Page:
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The Pueblo County Extension office provides assistance and programs for citizens in five main areas: Agriculture, Horticulture, Family and Consumer Science, Natural Resources and 4-H Youth Programs.

Written by Patricia O’Brien, Colorado Master Gardener, 2018

If you are anything like me and you have a good internet connection, 2020 provided a plethora of interesting programs and lectures to explore on your home device in your own time without the necessity of a subscription. CSU Extension sponsored many opportunities for learning including Unlikely Blooms: Tale of the WW2 Victory Garden presented by Dr. Bonnie Clark, Professor & Curator of Archaeology in the Department of Anthropology at the University of Denver, on December 9, 2020.

This presentation was especially relevant to Master Gardeners at this time due to our renewed interest in growing produce for private and public consumption such as encouraged in 2020 by Extension’s Grow and Give and Edible Landscapes programs. As the backdrop to Dr. Clark’s fascinating presentation, she referred to the development of Victory gardens, first during World War I and then vastly expanded after the bombing of Pearl Harbor during World War II. A surprising fact that Dr. Clark noted was that by 1945, forty percent of the nation’s produce came from Victory Gardens.

A dark chapter to our history, soon after the bombing of Pearl Harbor, was the detainment of over 7,000 Japanese, most being American citizens, who were not charged with any wrongdoing, but were forcibly imprisoned at ten camps in the Western United States. One of those Camps was officially named the Granada Relocation Center, outside of the small town of Granada in southeast Colorado about ten miles from the Colorado-Kansas state line. Many of the incarcerated people came from the West coast area of temperate California, where undoubtedly many were already gardening and on board with Victory gardens, when they were moved to the windy, semi-arid high plains of Colorado. Grenada Relocation’s Center’s unofficial name became “Amache,” named after a Cheyenne Indian Chief’s daughter who married a prominent cattle rancher in the area and was used after a mail mix-up between the Camp and the town less than two miles away. Clark said of the central square mile of the Camp that it was located on a sandy terrace surrounded by barb wire and a lookout tower above the valley floor that was “minimally productive,” best known for hardy prairie plants such as yucca, and mostly used for grazing cattle.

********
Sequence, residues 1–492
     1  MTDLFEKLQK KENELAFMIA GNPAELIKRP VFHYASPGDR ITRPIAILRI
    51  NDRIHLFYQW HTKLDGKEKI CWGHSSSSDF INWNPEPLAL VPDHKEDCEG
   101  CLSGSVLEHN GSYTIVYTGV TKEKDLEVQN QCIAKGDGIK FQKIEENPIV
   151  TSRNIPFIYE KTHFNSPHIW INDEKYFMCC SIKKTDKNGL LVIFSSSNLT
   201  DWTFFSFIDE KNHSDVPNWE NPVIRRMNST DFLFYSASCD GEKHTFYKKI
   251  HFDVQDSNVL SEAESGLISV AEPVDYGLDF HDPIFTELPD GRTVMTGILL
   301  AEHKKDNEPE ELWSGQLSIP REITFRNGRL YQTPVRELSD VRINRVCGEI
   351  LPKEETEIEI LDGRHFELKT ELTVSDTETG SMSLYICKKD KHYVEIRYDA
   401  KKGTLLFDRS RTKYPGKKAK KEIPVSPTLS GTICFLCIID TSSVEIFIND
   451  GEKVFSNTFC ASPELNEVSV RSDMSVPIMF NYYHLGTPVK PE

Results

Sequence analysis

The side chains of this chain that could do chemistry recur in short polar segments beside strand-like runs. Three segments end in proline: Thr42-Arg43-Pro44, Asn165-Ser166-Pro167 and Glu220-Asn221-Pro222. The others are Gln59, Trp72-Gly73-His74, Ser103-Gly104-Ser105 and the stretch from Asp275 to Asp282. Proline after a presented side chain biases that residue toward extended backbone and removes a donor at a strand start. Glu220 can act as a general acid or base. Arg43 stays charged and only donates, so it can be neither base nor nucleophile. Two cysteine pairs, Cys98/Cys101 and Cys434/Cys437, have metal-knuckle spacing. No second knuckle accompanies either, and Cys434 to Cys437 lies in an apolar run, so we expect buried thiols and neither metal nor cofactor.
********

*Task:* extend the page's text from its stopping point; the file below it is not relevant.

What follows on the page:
Dr. Clark’s research and subsequent book published by the University of Colorado in 2020 is based on field research she has led and conducted since 2008 with DU students, Granada high school volunteers, and Amache survivors and descendants in a process she calls “landscape archeology.” What that means is uncovering not only artifacts, but also collecting and analyzing environmental data. Dr. Clark refers to the site as one that represents living history by what can be learned about the construction and the use of the landscape, by the hands and resources of the people who lived there. The techniques used by the research teams include intensive walking of the landscape to identify visible materials and the use of sonar equipment that indicates botanical and non-botanical material under the soil surface.

Members of the research teams also engaged in archival methods and interviews of descendants of those incarcerated at Amache to complete the story of growing food at the Camp during the period they were held. One of the interesting tidbits she shared was the documentation of the active involvement of residents in the local Granada Fair in which individuals competed for recognition of the quality of their produce, at one time bring awarded for the taste, texture and sweetness of their celery and often winning notice for their onion production. Dr. Clark and colleagues identified what family members grew in their plots by analyzing preserved pollen spores in the soil.

In 2005, Amache was designated as a historic site, which provided greater support to the research and the development of the Amache museum in Granada which holds a collection of found and donated objects. Currently, Amache is proceeding through a somewhat delayed process of review to become a National Park (Pueblo Chieftain, 2/16/2021, p.6A). Both Dr. Clark’s presentation (see link) and her book include fascinating pictures of these twentieth century gardeners on the high plains of Colorado that in many ways reflects their resilience and ingenuity during a painful chapter of American life.

Link to the presentation here:

Dr. Clark’s book, Finding Solace in the soil: An Archeology of gardens and gardeners at Amache is available for checkout at the Pueblo City-County library district